The massive anxiety I have been carrying was lessened significantly when I decided not to work on Sunday.  I know it’s our annual meeting and that’s a really big deal, but so is my health.  The work has been done to get everything ready; well, as ready as things can be for this meeting.  We must remember to leave room for the Holy Spirit.

I will be spending some time at the Church this afternoon putting things away as the office is a pigsty right now, sorting things out, finding files, filing them, etc.  And once that is done I will breathe a great sigh of relief.  I have full trust in our Wardens that they will do a fantastic job of Vestry.  I’d like to be there, but I don’t have to be there.  Vestry happened before I came to my current parish and it will happen again when I’m no longer there.

I have done what makes me comfortable.  I have organised as best I can.  The rest I leave in capable hands.  And it will be what it will be.

Now if you’ll excuse me, I need to refill my water bottle.  🙂

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It is true that I am my own worst critic.  I don’t hold anyone to the same standards I hold myself.  The last few days have been unbelievably difficult, and I’m not really sure why.  I am scheduled to undergo laparoscopic cholecystectomy surgery (gallbladder) on the 23rd of January.  We have our annual Vestry meeting on the 25th.  I have no idea what kind of reaction I will have to the surgery, so I am attempting to get as many things done, ahead of time, as I can.

This includes putting together the Vestry book.  Organizing baptism meetings, pre-marriage counselling, pre-surgical appointments, pastoral visits and bulletins.  Oh, and there’s writing homilies.  Right now the pile of things I need to do feels overwhelming.  Between that list and the housework, child-care, spousal support, I am having difficulty seeing daylight.  And my  motivation has dissipated…in other words, my get-up-and-go has got-up-and-gone.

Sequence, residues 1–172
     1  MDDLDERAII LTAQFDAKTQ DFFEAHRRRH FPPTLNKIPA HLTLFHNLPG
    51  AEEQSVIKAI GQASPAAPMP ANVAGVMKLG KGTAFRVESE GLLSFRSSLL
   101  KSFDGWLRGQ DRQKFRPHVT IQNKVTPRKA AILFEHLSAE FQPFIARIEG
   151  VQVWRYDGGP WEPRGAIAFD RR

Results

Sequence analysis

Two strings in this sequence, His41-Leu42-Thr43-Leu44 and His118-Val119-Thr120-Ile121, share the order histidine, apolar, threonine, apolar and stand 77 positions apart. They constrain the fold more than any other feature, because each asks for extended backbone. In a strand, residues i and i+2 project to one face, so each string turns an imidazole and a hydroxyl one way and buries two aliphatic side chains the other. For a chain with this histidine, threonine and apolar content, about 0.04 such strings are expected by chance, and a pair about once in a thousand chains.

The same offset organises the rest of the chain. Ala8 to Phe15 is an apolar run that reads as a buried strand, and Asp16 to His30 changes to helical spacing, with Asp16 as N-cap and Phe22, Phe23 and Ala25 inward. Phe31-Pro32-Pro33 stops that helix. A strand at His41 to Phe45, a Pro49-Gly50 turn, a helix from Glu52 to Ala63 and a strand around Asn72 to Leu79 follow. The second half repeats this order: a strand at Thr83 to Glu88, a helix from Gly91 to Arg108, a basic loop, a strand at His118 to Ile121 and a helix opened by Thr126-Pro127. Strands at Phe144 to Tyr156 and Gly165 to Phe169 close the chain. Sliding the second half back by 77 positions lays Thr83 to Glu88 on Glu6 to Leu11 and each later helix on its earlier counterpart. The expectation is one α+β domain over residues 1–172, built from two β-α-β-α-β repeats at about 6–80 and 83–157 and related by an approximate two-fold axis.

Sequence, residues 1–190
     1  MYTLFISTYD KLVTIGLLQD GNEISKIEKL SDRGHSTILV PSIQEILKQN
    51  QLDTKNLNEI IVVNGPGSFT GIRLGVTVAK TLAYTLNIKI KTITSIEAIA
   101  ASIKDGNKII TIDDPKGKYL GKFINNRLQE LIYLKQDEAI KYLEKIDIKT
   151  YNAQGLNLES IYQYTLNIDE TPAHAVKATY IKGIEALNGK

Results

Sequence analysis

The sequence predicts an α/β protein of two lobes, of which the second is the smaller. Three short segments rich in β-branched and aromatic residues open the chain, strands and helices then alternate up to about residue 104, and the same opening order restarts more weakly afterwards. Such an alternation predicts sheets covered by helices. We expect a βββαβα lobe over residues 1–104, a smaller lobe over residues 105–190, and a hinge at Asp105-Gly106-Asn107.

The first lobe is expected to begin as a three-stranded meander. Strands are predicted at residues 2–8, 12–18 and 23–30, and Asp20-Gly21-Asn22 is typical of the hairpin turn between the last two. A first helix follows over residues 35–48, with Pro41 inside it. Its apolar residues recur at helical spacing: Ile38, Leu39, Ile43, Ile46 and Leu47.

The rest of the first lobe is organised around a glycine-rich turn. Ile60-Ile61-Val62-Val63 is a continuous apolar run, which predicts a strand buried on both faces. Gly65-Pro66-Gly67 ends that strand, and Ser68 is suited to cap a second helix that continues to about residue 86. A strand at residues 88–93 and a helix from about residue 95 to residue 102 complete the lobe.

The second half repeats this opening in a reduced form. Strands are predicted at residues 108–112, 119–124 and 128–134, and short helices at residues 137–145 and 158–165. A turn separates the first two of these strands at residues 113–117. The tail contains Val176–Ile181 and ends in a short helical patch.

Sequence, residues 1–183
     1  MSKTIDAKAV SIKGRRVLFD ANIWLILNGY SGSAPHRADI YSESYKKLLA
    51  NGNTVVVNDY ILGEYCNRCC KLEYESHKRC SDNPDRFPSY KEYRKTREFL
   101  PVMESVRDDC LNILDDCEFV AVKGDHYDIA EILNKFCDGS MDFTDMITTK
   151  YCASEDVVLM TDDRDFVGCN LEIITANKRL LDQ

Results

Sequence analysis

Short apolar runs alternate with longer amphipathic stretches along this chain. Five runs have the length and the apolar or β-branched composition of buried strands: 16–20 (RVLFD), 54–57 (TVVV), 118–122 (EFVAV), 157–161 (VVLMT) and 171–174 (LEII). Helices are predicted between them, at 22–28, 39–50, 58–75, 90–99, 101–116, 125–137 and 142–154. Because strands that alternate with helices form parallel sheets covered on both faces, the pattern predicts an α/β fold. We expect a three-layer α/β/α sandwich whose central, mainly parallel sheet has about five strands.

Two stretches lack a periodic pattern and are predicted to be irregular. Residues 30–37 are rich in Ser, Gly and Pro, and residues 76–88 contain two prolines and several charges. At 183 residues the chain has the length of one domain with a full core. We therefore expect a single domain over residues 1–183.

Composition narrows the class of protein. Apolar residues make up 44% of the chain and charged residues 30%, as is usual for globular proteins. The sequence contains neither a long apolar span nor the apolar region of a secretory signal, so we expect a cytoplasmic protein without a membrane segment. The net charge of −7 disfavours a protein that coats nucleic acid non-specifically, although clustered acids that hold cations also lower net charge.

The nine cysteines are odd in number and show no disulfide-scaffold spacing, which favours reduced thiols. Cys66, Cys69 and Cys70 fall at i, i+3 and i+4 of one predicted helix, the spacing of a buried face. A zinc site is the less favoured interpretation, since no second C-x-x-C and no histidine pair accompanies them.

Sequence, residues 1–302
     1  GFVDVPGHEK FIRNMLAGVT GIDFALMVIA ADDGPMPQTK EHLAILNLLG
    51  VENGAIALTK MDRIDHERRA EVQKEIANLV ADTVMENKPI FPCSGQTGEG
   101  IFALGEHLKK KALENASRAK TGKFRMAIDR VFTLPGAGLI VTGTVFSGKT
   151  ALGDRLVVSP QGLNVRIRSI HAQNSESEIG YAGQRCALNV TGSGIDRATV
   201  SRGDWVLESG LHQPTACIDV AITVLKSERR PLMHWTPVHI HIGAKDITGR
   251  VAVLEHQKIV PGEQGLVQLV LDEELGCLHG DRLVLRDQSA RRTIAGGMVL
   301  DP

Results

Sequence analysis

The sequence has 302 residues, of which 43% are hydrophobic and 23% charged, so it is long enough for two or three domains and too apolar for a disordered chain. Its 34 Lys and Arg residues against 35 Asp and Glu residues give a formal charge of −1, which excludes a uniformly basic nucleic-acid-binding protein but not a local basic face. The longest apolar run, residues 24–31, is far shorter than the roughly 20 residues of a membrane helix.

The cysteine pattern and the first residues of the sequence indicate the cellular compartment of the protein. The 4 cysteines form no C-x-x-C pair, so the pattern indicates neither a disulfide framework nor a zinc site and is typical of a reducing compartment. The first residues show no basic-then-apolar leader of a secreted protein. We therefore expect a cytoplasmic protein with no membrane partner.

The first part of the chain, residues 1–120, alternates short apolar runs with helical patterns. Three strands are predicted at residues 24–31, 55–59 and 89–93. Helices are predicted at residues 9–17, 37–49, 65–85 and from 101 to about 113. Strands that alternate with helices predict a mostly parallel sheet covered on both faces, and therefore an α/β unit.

I am beginning to think that my work/life balance is off-balance again.  I haven’t even sat on my yoga mat in weeks.  I am not drinking water like I was doing.  I’m not eating properly.  In short, I’m not caring for myself.  And that’s wrong.

Tomorrow I am meeting a friend for coffee.  I haven’t seen him in years.  This week was his birthday so we are meeting for a birthday-week hot drink.  I’m excited to see him as he always fills my day with light.  I have a list of errands I’ve been putting off all week, mostly due to weather.  So after I see him, I will get my list of things done.  And in the afternoon I will set a list of priorities, and put them in proper order.

Lists and organization soothes me.  I cannot work in chaos.  So I plan, prepare, clean, file, dust, organise, and while I do this I breathe.  I’ve not been breathing properly for awhile.  All shallow breathing.  It’s affecting my sleep patterns and my mental health.

And I have decided that instead of wishing my life away, starting tomorrow, a fresh new day, I am going to put myself higher on my priority list.  Do what is right for me, instead of giving myself what is left.

And while that will mean a trip to the grocery store, which is always an emotional land-mine, I have a list and a plan.  So I’m ahead of the curve already.

Starting tomorrow, I will get it right.